Oculin's Profile - Destructoid




Game database:   #ABCDEFGHIJKLMNOPQRSTUVWXYZ         ALL     Xbox One     PS4     360     PS3     WiiU     Wii     PC     3DS     DS     PS Vita     PSP     iOS     Android




About
Oculin, known in the realm of the living as Benjamin Toy Yoder, is a college student majoring in journalism and professional writing. He likes to pretend to be a vidjya game journalist and, at the very least, has successfully tricked a few people into believing him, landing him gigs at VGChartz, Classic Game Room Empire and TheSpeedGamers.

Digging for gems in unknown or poorly received titles is what Oculin games for. He places a large emphasis on entertainment, rather than just polish. He also has an unhealthy interest in creepy Japanese idol games, despite never playing one.

Anime, visual novels and manga are also hobbies of his, although he is incredibly picky and very rarely takes recommendations.
Player Profile
Follow me:
Twitter:@Oculin
Youtube:Oculin's Channel
Twitch.TV:Oculin's Channel
Badges
Following  


Mega Man Legends is the series first foray into the 3D space. The title came out in a fascinating time as many developers were trying to get their bearings in a 3D world. Mega Man Legends fails in some areas, but also impresses with its ambitious design and variety of gameplay elements that go well beyond what the series' past formula.

Feel free to check out my personal blog, Oculin's Box, at: http://oculin.wordpress.com/









Final Fantasy IX, the final Final Fantasy for me to sink my teeth into. It’s the final release in Final Fantasy series on the original PlayStation, but encompasses everything the series had been to that point.

Unfortunately, while the game is available on PSN, it has yet to be updated into an HD version, leaving it definitely one of the most pixely 3D Final Fantasys.

I decided to change these smaller episodes into a "Mini" series for Never-Ending Backlog. Feedback is always welcome.









Shadow of Destiny, released on the PlayStation 2 by Konami in 2001, is an adventure featuring a time traveling protagonist who attempts to prevent his murder. Player must walk and talk his way to victory through cutscenes and dialog choices.

Also available on Xbox and PC. There’s also a retranslated PSP port.

Feel free to check out my personal blog, Oculin's Box, at: http://oculin.wordpress.com/









Money Idol Exchanger, also known as Money Puzzle Exchanger, is a 1997 puzzle series developed by Face for the Neo Geo MVS. The version reviewed here is the PlayStation release, which can be found on the PlayStation Store released by MonkeyPaw Games.

This video is an experimental take on condensing the creation of my video reviews. It's a bit rough, but was expected for a first try and a less than three hour production time. This is compared to the usual like 15+ hours I normally spend on videos. 

Photo Photo







Oculin
3:27 PM on 08.14.2014



I have a weakness for cute anime things, especially if it looks like it's from the 80s or 90s. While I had heard of the Japanese Umihara Kawase series, I've never been too big into importing. All of the games have passed me by until the most recent Nintendo 3DS release, which was localized under the name Yumi's Odd Odyssey.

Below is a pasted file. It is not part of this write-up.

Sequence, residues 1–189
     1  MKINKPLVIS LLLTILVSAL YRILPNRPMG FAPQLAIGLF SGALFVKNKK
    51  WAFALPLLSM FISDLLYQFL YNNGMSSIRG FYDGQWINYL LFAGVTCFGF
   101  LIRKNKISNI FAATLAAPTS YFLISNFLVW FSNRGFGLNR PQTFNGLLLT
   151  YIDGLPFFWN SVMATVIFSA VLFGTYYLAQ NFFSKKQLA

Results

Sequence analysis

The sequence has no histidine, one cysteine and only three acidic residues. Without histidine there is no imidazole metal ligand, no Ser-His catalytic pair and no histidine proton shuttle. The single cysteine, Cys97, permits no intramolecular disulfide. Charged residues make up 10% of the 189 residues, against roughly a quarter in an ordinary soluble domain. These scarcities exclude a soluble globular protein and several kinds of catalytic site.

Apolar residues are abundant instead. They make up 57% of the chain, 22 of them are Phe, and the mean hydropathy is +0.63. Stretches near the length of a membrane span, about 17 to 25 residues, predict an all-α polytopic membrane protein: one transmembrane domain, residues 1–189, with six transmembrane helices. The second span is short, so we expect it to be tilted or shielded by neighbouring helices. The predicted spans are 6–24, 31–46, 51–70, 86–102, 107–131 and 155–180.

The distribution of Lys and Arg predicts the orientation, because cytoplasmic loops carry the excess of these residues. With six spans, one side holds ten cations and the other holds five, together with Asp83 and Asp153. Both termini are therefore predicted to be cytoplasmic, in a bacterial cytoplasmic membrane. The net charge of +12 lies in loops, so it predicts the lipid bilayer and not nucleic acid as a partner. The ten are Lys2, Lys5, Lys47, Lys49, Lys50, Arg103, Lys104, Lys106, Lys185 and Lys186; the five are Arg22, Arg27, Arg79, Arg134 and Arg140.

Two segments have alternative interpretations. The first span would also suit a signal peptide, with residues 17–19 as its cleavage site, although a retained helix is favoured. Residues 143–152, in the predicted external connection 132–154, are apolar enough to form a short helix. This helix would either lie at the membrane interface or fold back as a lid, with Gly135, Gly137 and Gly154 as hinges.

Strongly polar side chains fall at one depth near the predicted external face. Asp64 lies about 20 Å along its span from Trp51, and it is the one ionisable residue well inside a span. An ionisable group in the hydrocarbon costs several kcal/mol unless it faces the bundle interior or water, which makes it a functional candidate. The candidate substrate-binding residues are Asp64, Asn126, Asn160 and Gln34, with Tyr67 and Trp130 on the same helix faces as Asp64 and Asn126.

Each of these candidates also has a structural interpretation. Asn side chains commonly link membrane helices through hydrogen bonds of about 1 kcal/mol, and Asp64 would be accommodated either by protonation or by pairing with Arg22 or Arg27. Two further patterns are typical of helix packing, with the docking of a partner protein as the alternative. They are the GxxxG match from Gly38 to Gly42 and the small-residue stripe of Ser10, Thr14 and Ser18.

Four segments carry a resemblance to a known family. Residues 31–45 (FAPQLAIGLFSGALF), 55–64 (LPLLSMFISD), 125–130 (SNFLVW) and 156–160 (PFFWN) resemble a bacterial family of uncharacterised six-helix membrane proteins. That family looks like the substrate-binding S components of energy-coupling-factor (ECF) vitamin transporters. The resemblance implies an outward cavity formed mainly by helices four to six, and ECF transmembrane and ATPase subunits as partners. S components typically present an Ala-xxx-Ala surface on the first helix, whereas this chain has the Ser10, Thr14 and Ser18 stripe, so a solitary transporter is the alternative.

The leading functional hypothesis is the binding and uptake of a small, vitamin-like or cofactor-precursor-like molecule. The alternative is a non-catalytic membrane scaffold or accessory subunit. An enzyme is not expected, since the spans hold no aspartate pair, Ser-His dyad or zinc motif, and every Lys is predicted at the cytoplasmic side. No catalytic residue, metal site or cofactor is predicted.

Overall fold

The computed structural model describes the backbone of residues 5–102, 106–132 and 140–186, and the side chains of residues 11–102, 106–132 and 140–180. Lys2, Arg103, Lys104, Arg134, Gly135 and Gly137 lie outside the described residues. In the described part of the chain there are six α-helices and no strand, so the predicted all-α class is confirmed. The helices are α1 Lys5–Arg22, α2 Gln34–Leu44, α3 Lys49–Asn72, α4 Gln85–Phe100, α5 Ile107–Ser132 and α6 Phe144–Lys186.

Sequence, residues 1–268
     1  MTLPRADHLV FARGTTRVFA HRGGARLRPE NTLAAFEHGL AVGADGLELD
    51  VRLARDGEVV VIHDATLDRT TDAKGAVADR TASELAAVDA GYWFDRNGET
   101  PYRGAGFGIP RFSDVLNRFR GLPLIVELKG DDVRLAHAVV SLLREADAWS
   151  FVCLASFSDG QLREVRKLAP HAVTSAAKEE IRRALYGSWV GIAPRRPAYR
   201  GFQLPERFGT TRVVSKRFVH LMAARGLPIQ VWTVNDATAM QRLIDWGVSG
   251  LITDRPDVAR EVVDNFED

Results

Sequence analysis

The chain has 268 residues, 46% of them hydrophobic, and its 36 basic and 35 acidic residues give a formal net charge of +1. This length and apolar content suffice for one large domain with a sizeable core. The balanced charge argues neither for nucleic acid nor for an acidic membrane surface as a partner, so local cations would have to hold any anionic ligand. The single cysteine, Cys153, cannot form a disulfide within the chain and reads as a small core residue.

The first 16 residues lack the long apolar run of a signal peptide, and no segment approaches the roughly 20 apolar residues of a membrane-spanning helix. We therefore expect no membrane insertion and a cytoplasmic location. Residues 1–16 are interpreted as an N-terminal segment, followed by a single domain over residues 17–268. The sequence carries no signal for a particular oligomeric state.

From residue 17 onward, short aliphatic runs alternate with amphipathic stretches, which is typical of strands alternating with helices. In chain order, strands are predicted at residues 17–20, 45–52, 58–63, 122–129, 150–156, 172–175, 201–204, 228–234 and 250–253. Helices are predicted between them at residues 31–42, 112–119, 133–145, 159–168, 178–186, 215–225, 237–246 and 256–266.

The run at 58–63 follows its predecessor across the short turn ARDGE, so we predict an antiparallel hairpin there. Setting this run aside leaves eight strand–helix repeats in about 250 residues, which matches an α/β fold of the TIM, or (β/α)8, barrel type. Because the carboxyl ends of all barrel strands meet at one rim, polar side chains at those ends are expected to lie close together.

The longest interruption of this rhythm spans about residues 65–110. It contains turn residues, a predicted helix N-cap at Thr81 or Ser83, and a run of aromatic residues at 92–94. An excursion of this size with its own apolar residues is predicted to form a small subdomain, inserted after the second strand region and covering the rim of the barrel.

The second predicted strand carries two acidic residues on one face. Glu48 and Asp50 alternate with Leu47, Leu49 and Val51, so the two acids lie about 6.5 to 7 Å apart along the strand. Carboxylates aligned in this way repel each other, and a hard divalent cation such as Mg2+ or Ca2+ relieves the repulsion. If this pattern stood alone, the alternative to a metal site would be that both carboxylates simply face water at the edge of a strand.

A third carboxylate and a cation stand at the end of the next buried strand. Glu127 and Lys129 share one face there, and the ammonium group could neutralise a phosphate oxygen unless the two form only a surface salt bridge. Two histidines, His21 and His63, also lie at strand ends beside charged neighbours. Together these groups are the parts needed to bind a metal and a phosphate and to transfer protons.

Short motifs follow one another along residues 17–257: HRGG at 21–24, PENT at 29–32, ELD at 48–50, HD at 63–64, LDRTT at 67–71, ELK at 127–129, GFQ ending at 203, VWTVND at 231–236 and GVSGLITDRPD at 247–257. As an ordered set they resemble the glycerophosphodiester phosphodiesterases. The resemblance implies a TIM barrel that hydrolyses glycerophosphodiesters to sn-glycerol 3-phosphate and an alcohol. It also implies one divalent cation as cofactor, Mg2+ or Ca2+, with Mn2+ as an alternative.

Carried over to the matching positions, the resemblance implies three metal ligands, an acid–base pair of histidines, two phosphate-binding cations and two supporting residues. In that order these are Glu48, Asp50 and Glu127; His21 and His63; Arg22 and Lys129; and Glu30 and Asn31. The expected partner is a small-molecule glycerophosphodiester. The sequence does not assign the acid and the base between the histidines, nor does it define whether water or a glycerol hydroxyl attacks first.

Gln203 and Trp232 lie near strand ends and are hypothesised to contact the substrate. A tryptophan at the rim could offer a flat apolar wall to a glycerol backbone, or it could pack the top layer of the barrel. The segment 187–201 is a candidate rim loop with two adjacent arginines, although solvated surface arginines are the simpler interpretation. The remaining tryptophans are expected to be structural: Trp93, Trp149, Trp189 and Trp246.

Something that has stood out about the franchise even since it's original 1994 Super Nintendo release is the visual style of the games. While the characters are cute little chibi girls, the backgrounds instead take a more realistic look.  Paper doors, cross walk lights, wine racks, faucets, rubber ducks and tons of other everyday objects sit in the background often not even placed logically. Sometimes a paper wall will just float in the backdrop for no particular reason. The fish enemies fall somewhere in-between realistic and just goofy looking. They wobble around on their legs and have big buggy eyes. This is all set to a soundtrack that feels like it's out of the 16-bit era with a whimsical and relaxing vibe to it. 
 
The aesthetics create a strange and surreal environment, yet it doesn't feel out of place given the game's structure. There's no story outside some brief character bios, nor an overarching world. The game is based off a simple stage select screen. Each stage is a small self-contained box the player must navigate through.



Merely running and jumping on platforms won't get you far.  A fishing lure is your main tool for traversing the levels in Yumi's Odd Odyssey. After throwing the lure in one of eight directions, it will attach to a surface. You can then swing across gaps or simply hang in the air. I often hear the series get compared to Bionic Commando because of this mechanic. However, Yumi's Odd Odyssey offers much more freedom of movement when you're attached to a surface.

When hanging from the fishing lure, you can retract and extend your line. It may not sound like much but the speed you generate from doing this is ridiculous. You'll start bouncing around with only the lure keeping you from flying off in some random direction. Let go of the lure and off you go, hopefully not to your death. 


Yumi's Odd Oddsey is all about controlling the speed and angle at which you launch. The lure mechanics can feel unpredictable at times as there's a ton of factors in how fast and what direction you'll go. Even so, it still feels heavily reliant on the player's skill and timing.  



Early on you'll have to start throwing your lure mid-air to swing from one surface to the next without ever touching the ground. All of the platforms and interactive elements have a distinct look to them, so you'll never find yourself accidentally trying to latch onto background elements. Once you master the basic mechanics, you can start doing some advance techniques like wrapping a lure against an object to get a specific angle or to further increase your launch speed.